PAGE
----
Water on the Moon?

Water on the Moon?
Artist's rendition of Centaur upper stage rocket approaching the moon with the Lunar CRater Observation and Sensing Satellite (LCROSS), "shepherding satellite," attached. (Image credit: NASA/Roger Arno)

Recent headlines have announced a raging controversy amongscientists about whether there is actually water ice in the permanentlyshadowed craters near the lunar poles. Because these permanently shadowedregions are extremely cold (~100K) water ice is expected to be stable there ?even in the vacuum of space. If water is present, it will dramatically reducethe cost of a lunar base. The Lunar Crater Observing and Sensing Satellite(LCROSS) mission is intended to test for this water by impactingthe lunar surface with its empty rocket upper stage, and looking for waterin the ejected plume.

At issue is the evidence for water ice from neutron countsand radar observations of the polar regions. In the mid-1990s, Earth-based radarobservations of the polar regions detected areas of higher circularpolarization ratio (CPR). This is the ratio of the reflected radar signalhaving the same circular polarization as the incident beam to the reflectedsignal having the opposite polarization. High values of CPR tend to indicateblocky, irregular surfaces such as boulder-strewn fields or crater ejecta, butcan also result from low-loss scattering by water ice entrained in smoothersurface material such as soil or regolith. Large rocks and boulders mixed intothe regolith also can have a distinct signature. The high CPRs detected at thelunar poles seemed to correlate with crater floors in these regions, wheregeometry and orbital mechanics conspire to produce permanently shadowed regions.This effect has been observed on Mercury, where permanently shadowed cratersexhibit CPRs which resemble those from the icy Galilean satellites. The radarresults for the moon were thus interpreted to be due to similar effects.

The neutron detector on Lunar Prospector subsequently foundlow counts of epithermal neutrons over the polar regions as well, which aretypically indicative of hydrogen. However, it is not clear whether this ishydrogen in the form of pure water (H2O), hydroxyl (OH-, likely bound to minerals), or hydrogen (H+) implanted by thesolar wind. If the hydrogen is in the form of H2O or OH- bound to minerals, it could still be useful, but extraction will be moredifficult and costly.

The current controversy centers around recent radar observationsat higher resolution than the previous studies. These observations show highCPR's in crater walls and floors, but they are not correlated with thepermanently shadowed regions. They are correlated with the rocky surfaces andejecta blankets around young craters, and with the inner walls of some of thelarger craters. They definitely do not indicate large deposits of pure ice — there are no skating rinks on the Moon, as one scientist put it. And theneutron studies detect hydrogen, not water — so there are other ways to explainthose results too. The results also depend on how much solar wind implantedhydrogen is assumed to be present, as well as the exact locations and sizes ofthe permanently shadowed regions — which aren't actually very well known, sincewe cannot see them all from Earth. The two areas where the shadowed regions arebest constrained are within the craters Shackletonand Shoemaker.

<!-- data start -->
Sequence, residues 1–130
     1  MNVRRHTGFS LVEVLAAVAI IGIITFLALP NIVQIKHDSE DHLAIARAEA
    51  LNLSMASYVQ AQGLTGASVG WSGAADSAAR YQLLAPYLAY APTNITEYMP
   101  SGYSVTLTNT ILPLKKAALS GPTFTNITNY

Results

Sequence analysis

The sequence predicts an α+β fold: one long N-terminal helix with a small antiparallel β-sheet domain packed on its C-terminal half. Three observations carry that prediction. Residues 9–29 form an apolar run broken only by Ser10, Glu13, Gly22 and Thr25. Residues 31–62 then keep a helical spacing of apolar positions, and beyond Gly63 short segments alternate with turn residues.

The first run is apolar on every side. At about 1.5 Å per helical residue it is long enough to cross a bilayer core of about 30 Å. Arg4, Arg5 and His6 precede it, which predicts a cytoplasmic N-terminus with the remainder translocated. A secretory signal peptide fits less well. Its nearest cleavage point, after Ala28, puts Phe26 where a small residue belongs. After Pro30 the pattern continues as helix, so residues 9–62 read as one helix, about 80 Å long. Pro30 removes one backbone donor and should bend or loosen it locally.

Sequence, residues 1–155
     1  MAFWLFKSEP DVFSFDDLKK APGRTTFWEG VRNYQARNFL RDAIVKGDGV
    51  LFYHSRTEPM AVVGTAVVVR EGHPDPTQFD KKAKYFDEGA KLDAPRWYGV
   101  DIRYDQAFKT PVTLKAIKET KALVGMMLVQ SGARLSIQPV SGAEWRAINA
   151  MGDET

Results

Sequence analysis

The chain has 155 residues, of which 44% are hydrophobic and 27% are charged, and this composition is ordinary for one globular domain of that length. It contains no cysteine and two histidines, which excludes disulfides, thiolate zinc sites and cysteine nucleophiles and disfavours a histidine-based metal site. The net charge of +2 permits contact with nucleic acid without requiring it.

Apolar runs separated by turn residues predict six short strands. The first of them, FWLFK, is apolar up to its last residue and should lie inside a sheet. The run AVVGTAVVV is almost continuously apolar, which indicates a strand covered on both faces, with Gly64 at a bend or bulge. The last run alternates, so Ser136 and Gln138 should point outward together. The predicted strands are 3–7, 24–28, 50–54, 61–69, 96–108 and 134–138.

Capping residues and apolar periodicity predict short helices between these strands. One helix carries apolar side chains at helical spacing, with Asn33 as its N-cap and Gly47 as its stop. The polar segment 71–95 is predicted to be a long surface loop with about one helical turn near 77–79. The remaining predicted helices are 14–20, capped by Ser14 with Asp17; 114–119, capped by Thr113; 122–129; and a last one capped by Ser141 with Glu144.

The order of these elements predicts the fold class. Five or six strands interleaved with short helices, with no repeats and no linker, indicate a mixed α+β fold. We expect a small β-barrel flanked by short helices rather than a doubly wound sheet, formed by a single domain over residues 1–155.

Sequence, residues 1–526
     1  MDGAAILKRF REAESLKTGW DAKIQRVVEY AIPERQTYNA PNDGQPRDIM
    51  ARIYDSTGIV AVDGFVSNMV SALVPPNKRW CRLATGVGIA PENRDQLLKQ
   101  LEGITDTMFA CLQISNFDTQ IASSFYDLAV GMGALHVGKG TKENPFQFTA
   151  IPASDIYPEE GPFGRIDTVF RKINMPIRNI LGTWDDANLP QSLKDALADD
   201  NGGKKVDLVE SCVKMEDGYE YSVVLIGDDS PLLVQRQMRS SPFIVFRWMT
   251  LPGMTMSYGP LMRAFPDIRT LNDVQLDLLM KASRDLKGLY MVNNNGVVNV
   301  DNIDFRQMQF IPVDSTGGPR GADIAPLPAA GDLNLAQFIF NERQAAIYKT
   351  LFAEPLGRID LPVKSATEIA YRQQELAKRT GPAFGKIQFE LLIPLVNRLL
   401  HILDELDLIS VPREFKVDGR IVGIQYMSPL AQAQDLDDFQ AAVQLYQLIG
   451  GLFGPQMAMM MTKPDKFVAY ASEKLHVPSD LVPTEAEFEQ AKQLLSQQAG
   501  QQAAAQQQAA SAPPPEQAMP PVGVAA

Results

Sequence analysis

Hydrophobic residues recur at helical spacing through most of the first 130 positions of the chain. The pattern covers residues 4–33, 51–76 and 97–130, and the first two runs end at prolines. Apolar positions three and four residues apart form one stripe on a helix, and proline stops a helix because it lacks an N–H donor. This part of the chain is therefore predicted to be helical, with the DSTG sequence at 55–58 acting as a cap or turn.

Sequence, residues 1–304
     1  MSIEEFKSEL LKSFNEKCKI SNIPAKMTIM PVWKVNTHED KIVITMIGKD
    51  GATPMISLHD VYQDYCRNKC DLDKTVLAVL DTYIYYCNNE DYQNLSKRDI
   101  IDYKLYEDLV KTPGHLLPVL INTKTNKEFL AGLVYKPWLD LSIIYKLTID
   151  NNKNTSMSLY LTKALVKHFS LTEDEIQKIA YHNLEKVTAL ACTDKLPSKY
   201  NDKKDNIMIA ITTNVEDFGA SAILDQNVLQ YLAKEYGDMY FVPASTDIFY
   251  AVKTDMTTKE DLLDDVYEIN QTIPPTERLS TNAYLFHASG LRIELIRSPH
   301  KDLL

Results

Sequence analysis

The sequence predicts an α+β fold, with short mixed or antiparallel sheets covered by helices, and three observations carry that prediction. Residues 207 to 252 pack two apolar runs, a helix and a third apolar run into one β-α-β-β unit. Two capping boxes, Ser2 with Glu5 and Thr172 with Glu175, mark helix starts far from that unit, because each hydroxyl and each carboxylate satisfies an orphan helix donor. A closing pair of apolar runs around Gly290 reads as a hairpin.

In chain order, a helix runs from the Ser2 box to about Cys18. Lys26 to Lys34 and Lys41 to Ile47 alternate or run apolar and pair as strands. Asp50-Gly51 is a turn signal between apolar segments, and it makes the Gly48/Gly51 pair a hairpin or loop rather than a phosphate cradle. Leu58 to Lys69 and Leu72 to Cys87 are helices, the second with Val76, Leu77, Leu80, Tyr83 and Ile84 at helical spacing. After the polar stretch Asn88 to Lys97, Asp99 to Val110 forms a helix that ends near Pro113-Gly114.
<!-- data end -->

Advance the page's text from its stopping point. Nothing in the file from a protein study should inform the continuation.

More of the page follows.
Water ice remains consistent with the neutron studies, butonly in concentrations of around 0.4 to 1 percent by weight, as small chunksmixed into the regolith. Or, if the ice is trapped in small pores in the soilminerals, it could be as much as 10 to 20 percent. Surface roughness andneutron counts both vary on spatial scales much smaller than the instrumentscan resolve, creating additional uncertainty. So the interpretation depends oncertain assumptions, and can vary — it is still consistent with water ice mixedinto the soil, and possibly even large amounts, but more likely very smallamounts, if any at all.

The LCROSS mission is being optimized for 0.5 to 2 percentby weight of water in the soil — consistent with the neutron results. Thegeneral consensus at present is that the radar polarization in the polarregions is consistent with soil containing small amounts of ice, or could bedue to surface roughness effects. Because the polarization is not actuallycorrelated with the permanently shadowed regions, many are now leaning towardthe surface roughness hypothesis, but there are insufficient data at present toconclusively determine whether there is ice. A dry regolith is virtuallyindistinguishable from regolith containing tiny amounts of ice within andbetween mineral grains. This is why the radar experiments on Chandrayan and Lunar ReconnaissanceOrbiter (LRO) are being designed to understand the relationship between CPRand ice on the moon, and why the LCROSS mission is being sent to directly probethe surface and test these hypotheses through observation and experiment.

And that is how the scientific method deals withcontroversy.

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